Hector and the Search for Happiness stars Simon Pegg as Hector, a comfortable, London therapist who one day decides to travel the world in a search for the things that will make him feel “happy.” The movie is fun but features a performance from Pegg that is really fantastic. Nerdist talked with the Star Trek and Shaun of the Dead star about taking on a more dramatic role, the search of happiness and working with a slew of impressive co-stars on the film.
Hector is, by far, Pegg’s most “actor-y” role to date and it’s a role that he does very well. Was more drama something he was looking to take on in his next project?
“I think its kind of partly what attracted me to the script,” said Pegg, “I mean, the idea of working with Peter Chelsom was the kind of primary thing because I’d been a fan of the films that he made in the UK, Hear My Song and Funny Bones, and the idea of getting to make a film with him was very attractive. The fact that it was a fairly meaty, albeit a comedy, but a meaty dramatic role was definitely part of my decision to day yes and as an actor it was really nice to get my teeth into that role.” In the film his character plays a psychiatrist and yet still finds himself going on a search for “happiness.” In Pegg’s mind, did those two things have something to do with each other while he was creating the character?
“I think it’s an interesting thing that Hector is in the business of happiness. He’s a guy who is supposed to be able to help people unlock their own happiness and yet he doesn’t have a clear idea of what it is or what it means himself. As a starting point of the movie I thought it was a fairly bold choice to have possibly the least sympathetic demographic in the world – the white middle class male – give him a problem because I think that if that supposed extremely privileged and comfortable type of person, if they can be unhappy then anyone can be unhappy, and also it kind of suggests that unhappiness is not just reserved for people who find themselves in dire straights. You know, happiness isn’t as easy as that and what hector finds himself in is in a crisis of comfort. He has a life which is extremely beige and has no variety and he has nothing to compare his supposed happiness to and as such sort of takes off on this journey, he says is to research happiness, but really what he’s trying to do is find out if he can be happy himself,” stated Pegg.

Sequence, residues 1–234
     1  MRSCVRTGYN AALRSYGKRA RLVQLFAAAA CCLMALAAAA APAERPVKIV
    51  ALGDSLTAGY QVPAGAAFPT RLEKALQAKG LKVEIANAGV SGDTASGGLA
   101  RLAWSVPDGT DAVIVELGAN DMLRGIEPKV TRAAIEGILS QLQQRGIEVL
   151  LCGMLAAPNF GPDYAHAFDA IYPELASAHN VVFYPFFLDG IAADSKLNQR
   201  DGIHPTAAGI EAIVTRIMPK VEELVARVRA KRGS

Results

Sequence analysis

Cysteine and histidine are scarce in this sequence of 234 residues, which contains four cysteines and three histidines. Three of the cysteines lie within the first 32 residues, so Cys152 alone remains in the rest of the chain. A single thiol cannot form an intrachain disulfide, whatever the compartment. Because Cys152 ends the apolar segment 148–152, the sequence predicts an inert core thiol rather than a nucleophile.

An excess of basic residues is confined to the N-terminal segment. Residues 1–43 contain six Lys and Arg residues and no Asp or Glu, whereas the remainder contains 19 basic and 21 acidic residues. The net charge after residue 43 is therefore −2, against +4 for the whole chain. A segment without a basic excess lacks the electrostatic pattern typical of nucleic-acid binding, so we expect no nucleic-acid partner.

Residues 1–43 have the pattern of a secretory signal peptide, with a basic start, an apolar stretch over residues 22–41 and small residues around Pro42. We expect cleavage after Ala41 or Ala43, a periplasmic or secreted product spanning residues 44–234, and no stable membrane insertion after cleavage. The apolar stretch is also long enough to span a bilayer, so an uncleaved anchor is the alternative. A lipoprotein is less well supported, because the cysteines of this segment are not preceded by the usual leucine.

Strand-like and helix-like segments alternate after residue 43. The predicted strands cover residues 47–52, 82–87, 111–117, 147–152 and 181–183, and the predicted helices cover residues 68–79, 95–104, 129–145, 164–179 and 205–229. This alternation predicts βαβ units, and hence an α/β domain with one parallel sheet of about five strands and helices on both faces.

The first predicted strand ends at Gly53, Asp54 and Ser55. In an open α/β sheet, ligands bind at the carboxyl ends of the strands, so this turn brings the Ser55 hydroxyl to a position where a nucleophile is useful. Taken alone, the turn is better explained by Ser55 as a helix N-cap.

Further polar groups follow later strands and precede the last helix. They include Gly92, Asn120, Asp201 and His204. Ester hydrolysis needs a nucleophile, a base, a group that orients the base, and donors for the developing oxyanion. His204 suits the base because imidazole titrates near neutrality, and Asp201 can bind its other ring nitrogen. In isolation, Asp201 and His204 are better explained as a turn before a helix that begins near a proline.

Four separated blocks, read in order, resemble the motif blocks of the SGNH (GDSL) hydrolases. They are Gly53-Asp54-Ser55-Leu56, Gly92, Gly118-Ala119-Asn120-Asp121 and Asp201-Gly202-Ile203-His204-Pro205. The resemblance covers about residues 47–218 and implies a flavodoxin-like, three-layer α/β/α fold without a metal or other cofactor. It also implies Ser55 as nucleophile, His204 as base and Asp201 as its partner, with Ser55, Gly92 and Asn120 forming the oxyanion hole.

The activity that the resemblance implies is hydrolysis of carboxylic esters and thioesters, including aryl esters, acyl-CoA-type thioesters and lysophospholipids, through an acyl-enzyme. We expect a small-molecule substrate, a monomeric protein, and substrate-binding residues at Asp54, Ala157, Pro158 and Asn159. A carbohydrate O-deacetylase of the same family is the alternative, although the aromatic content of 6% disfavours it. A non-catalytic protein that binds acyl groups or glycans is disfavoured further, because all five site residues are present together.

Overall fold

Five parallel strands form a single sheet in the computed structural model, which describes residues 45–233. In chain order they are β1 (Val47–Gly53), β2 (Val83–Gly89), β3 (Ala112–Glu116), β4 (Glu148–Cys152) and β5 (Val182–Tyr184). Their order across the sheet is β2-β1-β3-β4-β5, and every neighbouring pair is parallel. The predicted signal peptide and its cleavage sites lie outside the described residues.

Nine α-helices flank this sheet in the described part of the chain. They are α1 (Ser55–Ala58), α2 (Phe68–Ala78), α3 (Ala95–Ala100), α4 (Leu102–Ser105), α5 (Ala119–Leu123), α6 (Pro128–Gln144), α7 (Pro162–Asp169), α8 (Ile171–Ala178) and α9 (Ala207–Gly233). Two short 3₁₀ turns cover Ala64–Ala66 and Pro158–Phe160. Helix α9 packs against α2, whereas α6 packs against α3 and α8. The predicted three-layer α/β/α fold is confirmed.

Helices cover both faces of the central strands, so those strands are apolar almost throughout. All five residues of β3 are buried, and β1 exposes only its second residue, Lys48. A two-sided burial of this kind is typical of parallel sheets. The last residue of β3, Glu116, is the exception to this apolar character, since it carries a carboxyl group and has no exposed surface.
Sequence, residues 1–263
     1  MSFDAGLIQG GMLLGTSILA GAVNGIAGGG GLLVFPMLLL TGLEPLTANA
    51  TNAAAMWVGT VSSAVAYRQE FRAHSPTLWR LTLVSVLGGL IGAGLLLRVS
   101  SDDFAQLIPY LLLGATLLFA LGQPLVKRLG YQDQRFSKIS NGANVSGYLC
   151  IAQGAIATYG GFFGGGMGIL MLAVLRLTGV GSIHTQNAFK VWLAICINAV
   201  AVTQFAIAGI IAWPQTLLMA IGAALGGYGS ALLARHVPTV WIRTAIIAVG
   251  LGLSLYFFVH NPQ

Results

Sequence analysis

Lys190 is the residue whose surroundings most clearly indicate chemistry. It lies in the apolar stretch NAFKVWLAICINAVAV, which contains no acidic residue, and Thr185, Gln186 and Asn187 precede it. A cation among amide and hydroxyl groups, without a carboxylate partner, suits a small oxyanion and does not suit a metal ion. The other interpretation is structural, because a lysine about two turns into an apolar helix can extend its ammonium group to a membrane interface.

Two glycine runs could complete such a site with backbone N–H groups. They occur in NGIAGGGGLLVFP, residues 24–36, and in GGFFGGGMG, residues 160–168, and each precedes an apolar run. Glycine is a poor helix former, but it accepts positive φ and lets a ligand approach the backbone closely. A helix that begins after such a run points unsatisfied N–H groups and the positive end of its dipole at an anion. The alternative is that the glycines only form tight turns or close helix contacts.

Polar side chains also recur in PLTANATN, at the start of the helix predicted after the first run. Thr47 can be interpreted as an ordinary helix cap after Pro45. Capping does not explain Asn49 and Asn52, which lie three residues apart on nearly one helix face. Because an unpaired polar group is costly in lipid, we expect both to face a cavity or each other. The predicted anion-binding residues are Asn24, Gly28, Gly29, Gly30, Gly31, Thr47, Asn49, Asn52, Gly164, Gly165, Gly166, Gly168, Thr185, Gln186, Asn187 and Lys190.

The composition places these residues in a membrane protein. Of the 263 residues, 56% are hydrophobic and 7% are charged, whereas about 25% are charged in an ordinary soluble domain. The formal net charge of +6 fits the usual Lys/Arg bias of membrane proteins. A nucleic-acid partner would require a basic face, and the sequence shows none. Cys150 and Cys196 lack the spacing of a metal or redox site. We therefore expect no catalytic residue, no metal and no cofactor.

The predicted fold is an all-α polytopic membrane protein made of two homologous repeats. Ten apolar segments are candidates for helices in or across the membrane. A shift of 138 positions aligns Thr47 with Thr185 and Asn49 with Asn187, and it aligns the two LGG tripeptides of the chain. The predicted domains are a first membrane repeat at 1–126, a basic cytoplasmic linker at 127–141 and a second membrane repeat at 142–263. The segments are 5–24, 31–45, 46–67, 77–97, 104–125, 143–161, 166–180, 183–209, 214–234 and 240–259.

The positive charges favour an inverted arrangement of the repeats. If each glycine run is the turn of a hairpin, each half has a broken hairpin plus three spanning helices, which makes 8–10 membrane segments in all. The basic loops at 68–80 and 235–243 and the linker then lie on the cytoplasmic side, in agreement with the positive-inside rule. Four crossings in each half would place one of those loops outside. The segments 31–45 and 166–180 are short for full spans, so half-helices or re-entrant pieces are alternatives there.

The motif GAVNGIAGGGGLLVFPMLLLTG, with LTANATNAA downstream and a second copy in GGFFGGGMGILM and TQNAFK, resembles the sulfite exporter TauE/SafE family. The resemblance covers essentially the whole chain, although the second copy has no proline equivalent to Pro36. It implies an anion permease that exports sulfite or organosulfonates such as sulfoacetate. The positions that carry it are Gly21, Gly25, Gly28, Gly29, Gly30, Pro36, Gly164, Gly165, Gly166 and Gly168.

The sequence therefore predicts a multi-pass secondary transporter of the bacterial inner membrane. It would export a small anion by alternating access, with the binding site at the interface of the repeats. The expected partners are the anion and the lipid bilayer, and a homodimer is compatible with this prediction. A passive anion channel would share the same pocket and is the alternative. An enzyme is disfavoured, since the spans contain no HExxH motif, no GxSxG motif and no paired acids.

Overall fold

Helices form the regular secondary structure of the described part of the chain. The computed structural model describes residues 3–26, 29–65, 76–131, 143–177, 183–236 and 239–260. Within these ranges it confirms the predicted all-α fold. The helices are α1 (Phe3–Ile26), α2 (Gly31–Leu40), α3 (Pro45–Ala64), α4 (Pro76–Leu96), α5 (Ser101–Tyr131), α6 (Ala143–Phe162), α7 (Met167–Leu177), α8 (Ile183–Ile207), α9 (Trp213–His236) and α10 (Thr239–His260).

Pegg also explained that traveling the world on Hector’s journey for the film taught him a few things about appreciating life, saying, “Being in places like South Africa and China experiencing quite vast cultural gaps was really valuable and also just in terms of seeing people in different walks of life as they experience happiness it was a very interesting thing to see the kind of abject poverty that exists on the outskirts of Johannesburg and see people there with a more mature, clear idea of happiness is compared to the people living in more affluent areas was an interesting paradox. You think, oh, hang on, I thought money and comfort bought contentment and its not necessarily true. I think knowing what it means to be happy if it helps you be happy. Knowing the value of happiness gives you a clear idea of how to be happy and that was fairly educational.”
Hector also features some wonderful actors in small parts, from screen legend Christopher Plummer to Stellan Skarsgard to an unknown South African actress, Chantel Herman. How was it for Pegg getting to share the screen with so many different talented actors? Pegg explains, “Working with Stellan Skarsgard I knew that I was going to be working alongside a heavyweight and Stellan would bring his own brilliant style and character to the role [and] that was very exciting. I didn’t know Chantel [Herman] who plays Jamillah, the woman on the plane, I had never met before and I had no expectations of about what she would bring so when she delivered this really, really moving performance I remember it very clearly being a great day because it was very unexpected and I was very moved by her performance which helped my performance so that kind of stuff is also an aide to making a performance convincing. She was – they cast her in South Africa and she just delivered this wonderfully moving and memorable performance as this woman who feels lucky even though she’s very, very close to death, she feels lucky to have had so much life and it’s a sweet moment. It’s a moment which you could actually lift out of the movie and it wouldn’t affect the narrative in any way but it’s so important I think in the film.”
Hector and the Pursuit of Happiness, starring Simon Pegg, Rosamund Pike, Toni Collette and Christopher Plummer, hits theaters Friday.